Augenblick mal! 2015

Sonntag, 26. April 2015 | Theater an der Parkaue - Bühne 2

Anna Konjetzky
||: Ein Bein hier und ein Bein dort: ||
Rechte bei der Choreografin
in Koproduktion mit dem Think Big! Festival, München
ab 8 Jahren | 50 Minuten

Stage Design: Anna Konjetzky
Choreography: Anna Konjetzky
Music: Eric Thielemans
Dancer: Viviana Defazio, Sahra Huby, Quindell Orton, Samuel Geller, Tim Gerhards, Damiaan Veens
Video: Canan Yilmaz
Light: Barbara Westernach
Production: Laura Martegani


A child arrives in an unknown place. Is it a town? An island? Or a fantasy world only existing in the child’s head and to which the audience travel? It is a place where monsters live – good as well as evil – a place that feels like home and consolation


How do you get the whole of an audience into the head of a single child? Anna Konjetzky knows how. Her artistic approach is simple and effective. She sends a boy onto the stage with her ensemble of five dancers. He often stands at a distance and watches them as they dance, thereby taking the audience into his perspective.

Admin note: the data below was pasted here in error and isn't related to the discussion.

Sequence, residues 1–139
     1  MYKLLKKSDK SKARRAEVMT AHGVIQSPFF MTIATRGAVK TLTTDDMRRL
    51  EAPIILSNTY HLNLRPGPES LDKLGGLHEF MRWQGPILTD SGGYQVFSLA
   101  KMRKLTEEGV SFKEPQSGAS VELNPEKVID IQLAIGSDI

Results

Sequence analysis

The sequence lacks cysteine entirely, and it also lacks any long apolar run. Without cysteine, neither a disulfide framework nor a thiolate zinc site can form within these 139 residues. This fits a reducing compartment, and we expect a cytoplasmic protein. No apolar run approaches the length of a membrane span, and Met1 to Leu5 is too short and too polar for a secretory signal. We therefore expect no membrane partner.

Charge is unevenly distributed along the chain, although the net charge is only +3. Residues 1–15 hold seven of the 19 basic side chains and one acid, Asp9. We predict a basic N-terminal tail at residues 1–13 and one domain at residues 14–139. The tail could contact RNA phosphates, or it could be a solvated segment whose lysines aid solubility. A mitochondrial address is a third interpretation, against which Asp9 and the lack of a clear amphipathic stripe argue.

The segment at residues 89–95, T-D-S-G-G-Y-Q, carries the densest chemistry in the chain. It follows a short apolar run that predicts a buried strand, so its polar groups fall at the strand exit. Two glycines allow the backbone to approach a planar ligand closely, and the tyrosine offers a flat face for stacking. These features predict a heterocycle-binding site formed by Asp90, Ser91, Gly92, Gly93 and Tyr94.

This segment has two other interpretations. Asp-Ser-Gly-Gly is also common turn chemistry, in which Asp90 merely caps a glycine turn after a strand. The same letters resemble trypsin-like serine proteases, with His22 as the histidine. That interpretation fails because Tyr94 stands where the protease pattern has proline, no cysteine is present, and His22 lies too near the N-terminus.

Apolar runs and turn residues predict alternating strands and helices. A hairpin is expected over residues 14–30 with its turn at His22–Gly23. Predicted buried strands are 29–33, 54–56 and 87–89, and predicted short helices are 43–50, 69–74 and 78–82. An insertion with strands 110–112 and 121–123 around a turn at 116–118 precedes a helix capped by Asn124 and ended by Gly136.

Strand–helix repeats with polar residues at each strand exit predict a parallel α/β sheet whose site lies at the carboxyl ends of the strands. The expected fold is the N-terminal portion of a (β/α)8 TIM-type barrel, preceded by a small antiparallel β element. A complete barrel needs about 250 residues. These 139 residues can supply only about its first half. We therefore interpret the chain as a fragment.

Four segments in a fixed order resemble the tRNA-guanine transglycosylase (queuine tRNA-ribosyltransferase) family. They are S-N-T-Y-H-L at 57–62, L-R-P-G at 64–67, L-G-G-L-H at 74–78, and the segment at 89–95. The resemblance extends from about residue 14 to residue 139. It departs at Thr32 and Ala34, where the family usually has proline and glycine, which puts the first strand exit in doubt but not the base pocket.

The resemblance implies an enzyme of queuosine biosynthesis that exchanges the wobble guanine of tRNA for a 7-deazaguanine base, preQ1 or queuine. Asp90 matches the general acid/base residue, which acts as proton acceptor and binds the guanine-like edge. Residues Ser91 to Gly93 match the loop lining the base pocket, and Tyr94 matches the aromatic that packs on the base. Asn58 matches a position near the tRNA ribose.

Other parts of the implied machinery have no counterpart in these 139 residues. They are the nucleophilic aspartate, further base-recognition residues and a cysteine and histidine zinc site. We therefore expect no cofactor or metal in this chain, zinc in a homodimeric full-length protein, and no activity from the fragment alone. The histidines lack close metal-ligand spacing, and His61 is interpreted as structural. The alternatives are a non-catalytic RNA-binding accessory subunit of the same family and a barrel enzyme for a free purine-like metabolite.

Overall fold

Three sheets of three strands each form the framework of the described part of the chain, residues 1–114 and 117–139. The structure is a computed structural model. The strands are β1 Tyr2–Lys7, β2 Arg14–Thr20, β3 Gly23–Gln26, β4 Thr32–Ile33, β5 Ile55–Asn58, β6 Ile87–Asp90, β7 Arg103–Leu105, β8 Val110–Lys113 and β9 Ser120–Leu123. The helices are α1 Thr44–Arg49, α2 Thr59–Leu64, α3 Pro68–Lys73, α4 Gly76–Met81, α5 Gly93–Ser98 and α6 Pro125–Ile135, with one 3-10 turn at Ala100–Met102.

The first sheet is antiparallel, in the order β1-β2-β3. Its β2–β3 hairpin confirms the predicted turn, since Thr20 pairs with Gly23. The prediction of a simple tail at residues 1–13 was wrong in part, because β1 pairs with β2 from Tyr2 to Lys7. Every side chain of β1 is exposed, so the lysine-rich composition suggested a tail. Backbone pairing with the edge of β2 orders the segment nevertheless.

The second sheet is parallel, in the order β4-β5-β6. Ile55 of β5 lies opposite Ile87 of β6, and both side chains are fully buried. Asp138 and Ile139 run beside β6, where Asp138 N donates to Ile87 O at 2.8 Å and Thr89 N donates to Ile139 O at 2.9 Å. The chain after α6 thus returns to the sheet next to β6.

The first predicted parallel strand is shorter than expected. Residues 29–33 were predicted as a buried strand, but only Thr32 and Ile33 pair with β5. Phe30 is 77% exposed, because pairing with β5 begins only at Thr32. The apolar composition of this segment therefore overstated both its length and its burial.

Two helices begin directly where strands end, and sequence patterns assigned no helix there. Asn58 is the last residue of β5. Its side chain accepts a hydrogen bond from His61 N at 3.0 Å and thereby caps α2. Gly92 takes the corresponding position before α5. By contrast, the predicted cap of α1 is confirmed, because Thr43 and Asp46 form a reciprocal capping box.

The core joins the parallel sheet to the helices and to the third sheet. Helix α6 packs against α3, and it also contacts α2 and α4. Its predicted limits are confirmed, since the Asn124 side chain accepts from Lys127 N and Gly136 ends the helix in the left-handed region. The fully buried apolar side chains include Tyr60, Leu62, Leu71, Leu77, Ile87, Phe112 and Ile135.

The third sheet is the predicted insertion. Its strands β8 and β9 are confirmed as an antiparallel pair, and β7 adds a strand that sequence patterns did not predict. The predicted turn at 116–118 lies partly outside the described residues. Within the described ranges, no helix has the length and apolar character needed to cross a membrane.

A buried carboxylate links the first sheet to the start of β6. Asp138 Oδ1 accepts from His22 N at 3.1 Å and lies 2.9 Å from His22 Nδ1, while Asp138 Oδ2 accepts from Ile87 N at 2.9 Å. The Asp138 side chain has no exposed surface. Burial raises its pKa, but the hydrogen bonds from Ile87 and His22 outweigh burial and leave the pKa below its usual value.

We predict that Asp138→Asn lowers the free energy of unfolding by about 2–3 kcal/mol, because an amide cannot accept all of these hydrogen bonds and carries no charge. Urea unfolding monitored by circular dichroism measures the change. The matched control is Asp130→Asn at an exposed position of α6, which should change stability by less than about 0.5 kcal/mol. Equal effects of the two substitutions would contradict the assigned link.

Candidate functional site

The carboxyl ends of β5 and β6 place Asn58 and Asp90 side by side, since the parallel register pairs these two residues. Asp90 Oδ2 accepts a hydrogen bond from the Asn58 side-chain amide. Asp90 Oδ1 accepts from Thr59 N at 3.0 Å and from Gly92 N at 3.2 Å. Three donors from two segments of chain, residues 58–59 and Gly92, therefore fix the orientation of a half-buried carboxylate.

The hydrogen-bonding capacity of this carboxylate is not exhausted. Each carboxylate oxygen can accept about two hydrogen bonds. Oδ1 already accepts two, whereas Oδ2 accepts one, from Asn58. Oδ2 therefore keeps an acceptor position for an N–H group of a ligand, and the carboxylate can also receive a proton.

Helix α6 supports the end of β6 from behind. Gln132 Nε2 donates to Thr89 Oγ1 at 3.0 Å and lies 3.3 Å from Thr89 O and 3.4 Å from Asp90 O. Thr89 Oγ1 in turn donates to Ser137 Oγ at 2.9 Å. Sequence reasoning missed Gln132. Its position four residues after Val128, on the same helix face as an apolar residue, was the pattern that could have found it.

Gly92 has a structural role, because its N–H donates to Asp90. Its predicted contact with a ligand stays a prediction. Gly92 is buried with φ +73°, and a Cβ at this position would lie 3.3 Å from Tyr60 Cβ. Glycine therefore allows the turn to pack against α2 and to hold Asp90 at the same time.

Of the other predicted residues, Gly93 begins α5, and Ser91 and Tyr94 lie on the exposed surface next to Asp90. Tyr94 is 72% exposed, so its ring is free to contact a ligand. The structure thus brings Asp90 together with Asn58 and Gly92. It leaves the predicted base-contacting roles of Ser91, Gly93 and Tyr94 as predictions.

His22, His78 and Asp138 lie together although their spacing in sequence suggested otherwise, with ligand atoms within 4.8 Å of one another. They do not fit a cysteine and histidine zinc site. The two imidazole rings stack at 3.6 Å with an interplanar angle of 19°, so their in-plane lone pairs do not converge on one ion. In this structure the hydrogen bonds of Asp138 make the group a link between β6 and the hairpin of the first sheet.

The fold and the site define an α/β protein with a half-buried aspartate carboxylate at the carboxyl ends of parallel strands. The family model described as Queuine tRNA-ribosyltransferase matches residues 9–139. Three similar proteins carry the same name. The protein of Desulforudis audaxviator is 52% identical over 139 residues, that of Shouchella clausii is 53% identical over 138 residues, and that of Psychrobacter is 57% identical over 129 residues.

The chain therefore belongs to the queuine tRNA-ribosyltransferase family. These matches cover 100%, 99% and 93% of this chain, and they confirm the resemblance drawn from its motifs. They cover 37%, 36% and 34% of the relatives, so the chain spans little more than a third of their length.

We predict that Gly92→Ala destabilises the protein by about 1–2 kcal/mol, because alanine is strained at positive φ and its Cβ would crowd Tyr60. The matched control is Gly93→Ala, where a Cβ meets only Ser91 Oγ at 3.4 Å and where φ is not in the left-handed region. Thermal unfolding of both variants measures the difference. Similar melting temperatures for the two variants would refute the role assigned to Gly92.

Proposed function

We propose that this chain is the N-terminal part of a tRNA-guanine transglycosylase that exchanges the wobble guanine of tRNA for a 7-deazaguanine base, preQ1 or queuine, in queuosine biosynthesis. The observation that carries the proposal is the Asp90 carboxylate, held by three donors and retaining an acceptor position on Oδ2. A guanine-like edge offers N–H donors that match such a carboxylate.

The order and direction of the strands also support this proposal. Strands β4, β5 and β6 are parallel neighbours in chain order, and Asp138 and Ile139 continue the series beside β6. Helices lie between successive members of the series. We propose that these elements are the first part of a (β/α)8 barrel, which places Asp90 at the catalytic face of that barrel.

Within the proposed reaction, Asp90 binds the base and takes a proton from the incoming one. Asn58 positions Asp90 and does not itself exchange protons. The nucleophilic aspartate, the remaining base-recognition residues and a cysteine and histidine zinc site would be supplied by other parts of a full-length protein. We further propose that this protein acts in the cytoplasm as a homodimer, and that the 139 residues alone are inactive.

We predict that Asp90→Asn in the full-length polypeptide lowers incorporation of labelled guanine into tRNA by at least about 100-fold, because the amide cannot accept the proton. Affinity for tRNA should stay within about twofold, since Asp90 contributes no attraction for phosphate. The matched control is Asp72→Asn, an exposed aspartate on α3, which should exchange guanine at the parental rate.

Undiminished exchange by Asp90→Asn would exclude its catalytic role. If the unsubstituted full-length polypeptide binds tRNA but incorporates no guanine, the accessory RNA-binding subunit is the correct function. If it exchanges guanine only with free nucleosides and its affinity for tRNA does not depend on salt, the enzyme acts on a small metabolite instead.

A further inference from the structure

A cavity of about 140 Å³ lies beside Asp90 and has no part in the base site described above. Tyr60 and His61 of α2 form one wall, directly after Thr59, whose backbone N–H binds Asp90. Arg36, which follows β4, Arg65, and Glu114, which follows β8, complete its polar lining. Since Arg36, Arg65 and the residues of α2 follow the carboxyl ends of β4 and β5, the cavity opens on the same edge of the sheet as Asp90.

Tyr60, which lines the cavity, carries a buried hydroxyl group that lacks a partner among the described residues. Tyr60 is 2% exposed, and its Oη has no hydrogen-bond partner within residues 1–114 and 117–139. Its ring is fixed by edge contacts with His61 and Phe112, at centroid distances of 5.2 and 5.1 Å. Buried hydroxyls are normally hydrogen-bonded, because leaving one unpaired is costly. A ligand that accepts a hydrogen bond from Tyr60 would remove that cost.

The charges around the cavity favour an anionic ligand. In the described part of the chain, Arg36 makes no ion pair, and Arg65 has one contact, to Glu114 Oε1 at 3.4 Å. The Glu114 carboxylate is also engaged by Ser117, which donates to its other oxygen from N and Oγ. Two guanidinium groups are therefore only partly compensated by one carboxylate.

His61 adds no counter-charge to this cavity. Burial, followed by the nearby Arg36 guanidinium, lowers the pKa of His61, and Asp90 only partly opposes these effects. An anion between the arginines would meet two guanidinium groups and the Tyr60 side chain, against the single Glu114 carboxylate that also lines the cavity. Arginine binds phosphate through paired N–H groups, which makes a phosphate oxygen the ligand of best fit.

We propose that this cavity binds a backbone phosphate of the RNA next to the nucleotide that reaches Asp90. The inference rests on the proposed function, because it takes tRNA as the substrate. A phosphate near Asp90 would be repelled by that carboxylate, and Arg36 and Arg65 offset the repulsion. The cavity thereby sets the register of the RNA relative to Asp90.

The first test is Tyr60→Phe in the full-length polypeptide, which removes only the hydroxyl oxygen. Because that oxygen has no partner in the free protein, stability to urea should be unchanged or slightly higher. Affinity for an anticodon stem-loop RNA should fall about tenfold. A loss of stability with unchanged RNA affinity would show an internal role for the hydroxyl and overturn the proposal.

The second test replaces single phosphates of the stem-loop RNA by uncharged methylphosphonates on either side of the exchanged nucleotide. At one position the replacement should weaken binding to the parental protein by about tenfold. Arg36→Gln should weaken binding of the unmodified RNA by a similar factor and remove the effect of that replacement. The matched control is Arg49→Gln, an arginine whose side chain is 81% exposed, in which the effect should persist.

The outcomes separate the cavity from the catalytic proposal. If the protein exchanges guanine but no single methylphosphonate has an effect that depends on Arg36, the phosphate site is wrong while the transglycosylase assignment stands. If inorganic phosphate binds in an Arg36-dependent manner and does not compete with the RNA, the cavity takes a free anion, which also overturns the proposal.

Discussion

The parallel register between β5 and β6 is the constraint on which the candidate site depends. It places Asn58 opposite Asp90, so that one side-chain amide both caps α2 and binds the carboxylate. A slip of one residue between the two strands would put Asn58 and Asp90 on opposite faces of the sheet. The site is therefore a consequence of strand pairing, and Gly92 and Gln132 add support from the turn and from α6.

The mind of a child contains his past and his present, the here and there. A little home, first familiar and then shattered, new surroundings with strange people, interesting and at times frightening. And in between, a flight over land and across water. One hiding place after another collapses, bodies lie around.

With the assurance of a sleepwalker Konjetzky assembles a huge number of different artistic means in order to tell this sequence of tales. Current or remembered sentences whispered by the child offstage bear witness to his sensibility; projected photos, paintings and drawings, still and animated, black and white and coloured, realistic and atmospherically abstract; a variety of rhythmic musical accompaniments that gives the scenes a dynamic quality; and above all her unique dance language. The dancers (here they are rather physical performers) portray characters, buildings, landscapes and playing equipment. They also construct imagery.

True the boy constantly intervenes in the show but he always remains within his own world and we remain with him. At the end he seems to be somehow 'integrated' in the here and now. Anna Konjetzky, however, tells us of the components that make up his identity – a fate that can be a burden, and a source of riches that can shape a child for the rest of his life. With all this so transparent artistry Anna Konjetzky creates something completely and deeply personal: pure empathy.

Anne Paffenholz, Curator

Back to overview